The new Venango VNA Foundation hospice house in Rocky Grove that is scheduled to open next month officially has a name: The Collins House.
The house is named after John Collins Jr. and his wife, Betsy, who left a charitable remainder unitrust and Collins' personal estate to the VNA upon their deaths. Collins' only stipulation is that the funds be used to cover indigent care in Venango County.
"We wanted to honor him by naming the house after the Collins (couple)," Foundation Marketing Director Shelly Hart said.
The house will be able to lodge three patients at a time. Each guest will enjoy their own room with adjacent bathroom and will include a memorial garden for families to remember their loved ones.
"We wanted to make sure they had a homelike atmosphere in which to finish off their life journey," said Kimberly Slater Hall, palliative care coordinator for the Venango VNA.
Heil and Hart both stressed that this house is just that - a house.
"Every time I go somewhere and talk about the project, I said if you can take anything away from this, it's a three-bedroom house for people to live the rest of their life in," Heil said.
Prior to the Collins House's inception, the closest comparable housing options were in Warren or Meadville, according to Heil.
"We're taking our family and friends out of the county and sending them up there. If we had a house, they could stay locally and have friends visit," Heil said. "So the need was here and our foundation graciously said, 'go ahead, do it."'
The house has been in the works for three years and has repeatedly been deemed "a dream come true" by those who have worked on the project.
"It's not that (hospice care) doesn't work in nursing homes. But, again, that's a facility. You are having a more intimate setting in a home where there's three beds," Heil said.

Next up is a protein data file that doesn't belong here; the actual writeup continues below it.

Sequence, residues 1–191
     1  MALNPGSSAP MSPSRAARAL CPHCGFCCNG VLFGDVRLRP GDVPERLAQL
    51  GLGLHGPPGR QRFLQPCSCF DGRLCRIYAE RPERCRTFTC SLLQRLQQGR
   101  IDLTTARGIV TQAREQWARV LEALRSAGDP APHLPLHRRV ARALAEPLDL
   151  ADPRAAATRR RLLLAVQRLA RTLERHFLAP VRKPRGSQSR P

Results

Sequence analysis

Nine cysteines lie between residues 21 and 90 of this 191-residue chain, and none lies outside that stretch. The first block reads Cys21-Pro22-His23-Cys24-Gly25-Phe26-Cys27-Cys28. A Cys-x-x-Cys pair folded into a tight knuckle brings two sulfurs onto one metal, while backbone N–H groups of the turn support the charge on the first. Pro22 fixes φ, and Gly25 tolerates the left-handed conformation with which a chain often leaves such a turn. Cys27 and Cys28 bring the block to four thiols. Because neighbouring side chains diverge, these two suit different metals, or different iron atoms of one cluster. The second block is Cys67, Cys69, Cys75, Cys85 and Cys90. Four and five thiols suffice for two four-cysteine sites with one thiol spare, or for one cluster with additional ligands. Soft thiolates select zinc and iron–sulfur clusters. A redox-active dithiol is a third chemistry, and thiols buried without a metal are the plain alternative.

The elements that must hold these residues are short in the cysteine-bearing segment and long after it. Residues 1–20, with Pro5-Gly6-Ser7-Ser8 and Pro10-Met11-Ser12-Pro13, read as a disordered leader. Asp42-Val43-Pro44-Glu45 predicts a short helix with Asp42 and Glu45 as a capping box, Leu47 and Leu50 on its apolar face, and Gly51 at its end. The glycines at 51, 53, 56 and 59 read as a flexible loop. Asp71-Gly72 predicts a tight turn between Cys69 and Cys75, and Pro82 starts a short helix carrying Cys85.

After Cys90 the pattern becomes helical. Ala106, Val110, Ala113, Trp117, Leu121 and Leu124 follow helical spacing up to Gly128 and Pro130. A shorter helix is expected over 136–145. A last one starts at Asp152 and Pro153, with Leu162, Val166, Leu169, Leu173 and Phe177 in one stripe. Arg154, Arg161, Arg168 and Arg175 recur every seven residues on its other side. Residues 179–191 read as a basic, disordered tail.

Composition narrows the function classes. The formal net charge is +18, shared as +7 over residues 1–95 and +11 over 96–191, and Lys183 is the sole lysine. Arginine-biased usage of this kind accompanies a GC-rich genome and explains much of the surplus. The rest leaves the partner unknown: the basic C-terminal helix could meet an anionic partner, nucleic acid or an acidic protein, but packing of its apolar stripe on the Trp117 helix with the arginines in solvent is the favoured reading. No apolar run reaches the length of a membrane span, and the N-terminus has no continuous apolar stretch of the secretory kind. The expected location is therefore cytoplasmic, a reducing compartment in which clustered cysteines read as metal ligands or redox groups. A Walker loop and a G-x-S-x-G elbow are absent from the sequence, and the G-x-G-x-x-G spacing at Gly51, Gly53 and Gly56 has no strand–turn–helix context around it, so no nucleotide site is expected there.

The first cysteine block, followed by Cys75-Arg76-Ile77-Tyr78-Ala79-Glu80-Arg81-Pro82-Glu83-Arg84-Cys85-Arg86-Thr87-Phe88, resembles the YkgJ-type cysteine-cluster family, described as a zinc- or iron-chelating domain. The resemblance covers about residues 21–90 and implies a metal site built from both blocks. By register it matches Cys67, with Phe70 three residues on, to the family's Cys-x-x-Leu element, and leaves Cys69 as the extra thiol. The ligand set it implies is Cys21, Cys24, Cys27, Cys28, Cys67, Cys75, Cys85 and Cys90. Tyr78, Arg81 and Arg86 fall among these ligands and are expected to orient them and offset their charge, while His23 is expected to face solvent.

The home will feature an interdisciplinary approach with one nurse on staff for each of the three shifts. The home will also have access to a medical director, a nondenominational hospice chaplain, a social worker and a home health aide.
Heil said to picture this patient-centered care as a wagon wheel with the patient and their family in the center and the care providers as the spokes. "Without the patient and the family, what do you have? A whole bunch of spokes," she said.
Hart says the house is actively advertising employment options, and many local businesses have approached the Foundation looking to help.
"We're keeping it as local as possible because this is our community and we're here to serve," Hart said.
The house sits on the old Valley Grove Elementary School grounds and was sold to the VNA by the school district in 2017 for $64,000. It's scheduled to open sometime in November to coincide with National Hospice and Palliative Care month.
"It's official," Hart said. "It's happening!"